Studies of bubbles formed on decompression in diving have demonstrated the importance of pulmonary filtration in the protection of the nervous system and that filtration is size dependant, as small bubbles may escape entrapment. Fluid and even small solid emboli, arresting in or passing through the cerebral circulation, do not cause infarction, but disturb the blood-brain barrier inducing what has been termed the 'perivenous syndrome'. The nutrition of areas of the white matter of both the cerebral medulla and the spinal cord depends on long draining veins which have been shown to have surrounding capillary free zones. Because of the high oxygen extraction in the microcirculation of the gray matter of the central nervous system, the venous blood has low oxygen content. When this is reduced further by embolic events, tissue oxygenation may fall to critically low levels, leading to blood-brain barrier dysfunction, inflammation, demyelination and eventually, axonal damage.
cleareaching wrote:However, when diving, the veins that bring the blood to the area carry not only oxygen but nitrogen as well. And there is a strong possibility that this nitrogen, which arrives at increased numbers at the points of inflammation in the brain and the grey matter, will activate symptoms.
cleareaching wrote:I've just concluded a round with doctors on this same topic. I've always wanted to dive, but when I was very young I didn't have the money, then I got married and became a mum and I've just waited for my son to grow up and take him go diving together. In the meantime, I was diagnosed with MS (four and a half years ago, one episode, symptom-free ever since) but this summer, that my son was old enough to go diving, I took him and myself to a scuba diving school where I had to fill in this form and there is this question about neurological problems - I'm an honest person, so I explained my condition and they asked me for a doctor's certification to let me dive.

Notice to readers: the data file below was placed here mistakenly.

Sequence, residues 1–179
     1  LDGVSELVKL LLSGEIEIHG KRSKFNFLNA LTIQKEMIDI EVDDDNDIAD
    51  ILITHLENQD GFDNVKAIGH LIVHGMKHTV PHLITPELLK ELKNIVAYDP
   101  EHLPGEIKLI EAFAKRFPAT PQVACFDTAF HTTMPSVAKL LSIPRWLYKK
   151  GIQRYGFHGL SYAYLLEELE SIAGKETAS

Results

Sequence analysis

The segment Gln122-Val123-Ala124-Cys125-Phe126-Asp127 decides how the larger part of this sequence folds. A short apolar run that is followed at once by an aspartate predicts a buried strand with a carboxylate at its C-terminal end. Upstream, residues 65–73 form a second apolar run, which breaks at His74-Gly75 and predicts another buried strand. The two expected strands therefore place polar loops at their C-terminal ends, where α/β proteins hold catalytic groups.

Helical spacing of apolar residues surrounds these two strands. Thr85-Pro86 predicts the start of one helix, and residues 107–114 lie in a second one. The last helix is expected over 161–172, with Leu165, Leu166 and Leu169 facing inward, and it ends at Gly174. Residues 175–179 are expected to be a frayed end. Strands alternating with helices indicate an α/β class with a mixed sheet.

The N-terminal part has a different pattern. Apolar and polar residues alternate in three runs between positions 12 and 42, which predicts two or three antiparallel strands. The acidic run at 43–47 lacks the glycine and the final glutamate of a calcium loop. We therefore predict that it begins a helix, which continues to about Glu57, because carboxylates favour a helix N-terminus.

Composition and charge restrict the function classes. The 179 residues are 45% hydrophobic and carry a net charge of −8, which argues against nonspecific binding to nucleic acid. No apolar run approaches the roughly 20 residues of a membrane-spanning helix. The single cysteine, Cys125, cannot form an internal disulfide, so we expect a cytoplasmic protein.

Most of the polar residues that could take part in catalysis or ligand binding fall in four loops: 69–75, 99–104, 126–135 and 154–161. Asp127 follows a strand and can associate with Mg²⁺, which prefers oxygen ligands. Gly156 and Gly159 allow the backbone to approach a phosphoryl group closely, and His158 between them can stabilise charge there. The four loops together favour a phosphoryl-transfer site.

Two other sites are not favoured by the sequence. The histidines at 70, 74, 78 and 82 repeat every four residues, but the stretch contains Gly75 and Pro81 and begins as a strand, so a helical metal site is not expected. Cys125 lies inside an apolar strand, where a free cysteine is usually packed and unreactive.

So I went to my neurologist first. He sent me for another round of MRIs etc. but the truth is he didn't have any clue whatsoever. He only said that he was afraid of underwater pressures.
Then I found out there was this medical center exclusively for divers with doctors specialising in HBO (hyperbaric oxygen) and diving. So I went there and I saw this doctor who is also head of the naval hospital's diving department. What he told me was that it is dangerous for me to go diving and he explained: MS causes these demyelinating foci (which in reality are inflammations) here and there in the brain and grey matter. What the organism does wherever there is inflammation is to send more oxygen at the point, because that's what it does to help it heal. This translates into more blood flowing to the area.
However, when diving, the veins that bring the blood to the area carry not only oxygen but nitrogen as well. And there is a strong possibility that this nitrogen, which arrives at increased numbers at the points of inflammation in the brain and the grey matter, will activate symptoms.
So, scuba diving is not advisable for people with MS who want to learn how to dive, because they run higher risk than any person without MS. If someone used to be a diver, however, and would like to continue, there is always the NitroX method, that causes lower nitrogen concentration in the body during diving. That's what the doctor said to me just yesterday and I wanted to share this with you. I hope you'll excuse my slips in English, as I'm not a native speaker.
I won't get at all into how I felt when the doctor offered me his hand and told me "I'm sorry"...
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